According to the PFIP, about 20% of salaried workers in the country currently have insurance, while the maximum potential is probably around 50%. For workers earning hourly wages, the rates are 0% currently and an estimated 10% in the future. For those in neither income category, the numbers are 0% now with no increase expected in the future.

The Life Insurance Corporation has sold funeral insurance in both Port Moresby and other areas of the country, with policies in the former subsidised by the city government. The lump sum payment is PGK5000 ($1585), although the payout is lower for the aged and those with pre-existing conditions. For people living in Port Moresby, half of the PGK60 ($19.02) annual premium is paid by the local government. City Pharmacy has also issued funeral policies to customers enrolled in its loyalty programme. The payouts are as high as PGK20,000 ($6340), with a PGK200 ($63.40) premium. However, according to the PFIP, neither policy took off.

Crop Insurance

Research has been conducted for the development of crop insurance and similar conclusions were reached. In a 2013 World Bank pre-feasibility study on the subject, it was noted that the country’s agricultural sector is exposed to a wide range of risks, including earthquakes, volcanoes, tsunamis, cyclones, flooding, landslides and droughts. The El Niño climatic phenomenon has been particularly devastating in recent years.

The World Bank notes that the country faces significant challenges in the creation of agricultural insurance products that will work. The organisation says that because much of the target market is dominated by subsistence farmers, policies might be difficult to design and market. The country also has no tradition of agricultural insurance, low awareness of insurance in general, no national framework for the relevant products and no regulation supporting the development of cover. “Insurance is a secondary thought and most people don’t prioritise it. Awareness and understanding is missing in the PNG market,” Stefan Hansen, general manager of local Tower Insurance, told OBG. The lack of data regarding crops and the weather is especially problematic. It makes risk assessment challenging. The country has weather stations, but not a full complement. Information available is not yet comprehensive enough to be useful to the insurance sector.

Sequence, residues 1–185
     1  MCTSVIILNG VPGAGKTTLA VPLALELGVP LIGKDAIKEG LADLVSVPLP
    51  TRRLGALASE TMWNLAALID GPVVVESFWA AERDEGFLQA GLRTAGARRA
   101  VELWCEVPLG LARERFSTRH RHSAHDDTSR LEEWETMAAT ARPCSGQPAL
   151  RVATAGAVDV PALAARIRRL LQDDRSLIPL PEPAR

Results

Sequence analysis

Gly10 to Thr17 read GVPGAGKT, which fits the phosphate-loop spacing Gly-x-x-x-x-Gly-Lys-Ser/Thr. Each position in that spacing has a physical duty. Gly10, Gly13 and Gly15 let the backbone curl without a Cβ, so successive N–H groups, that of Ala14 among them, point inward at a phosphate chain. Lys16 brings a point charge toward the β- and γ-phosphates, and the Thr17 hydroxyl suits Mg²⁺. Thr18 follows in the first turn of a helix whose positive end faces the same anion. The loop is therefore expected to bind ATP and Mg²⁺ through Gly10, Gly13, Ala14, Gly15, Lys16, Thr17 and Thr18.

Both the farmers and the insurers are constrained in what they can do. The former don’t have the cash to pay for policies while the latter lack the capital to fund an entirely new line in an unproven area. Distribution would also be difficult, as no insurer has a sufficiently comprehensive branch network to effectively reach the rural parts of the country.

Possible Opportunities

While it is generally pessimistic about crop and agricultural insurance in the country, the World Bank sees possible opportunities in a number of specific areas. It says that single and named peril policies might work for the oil palm and rubber industries, but that multiple peril and revenue insurance would not. Windstorm, cyclone and volcanic eruption would likely be the most promising risks to cover.

The report adds that Weather Index Insurance could work at the meso level – via financial institutions and suppliers – and the macro level through the government, but not through farmers at the micro level. Cyclone data is fairly comprehensive, going back 50 years, so those storms could potentially be covered. The bank also sees possibilities in the use of remote sensing for developing national drought insurance schemes for food security.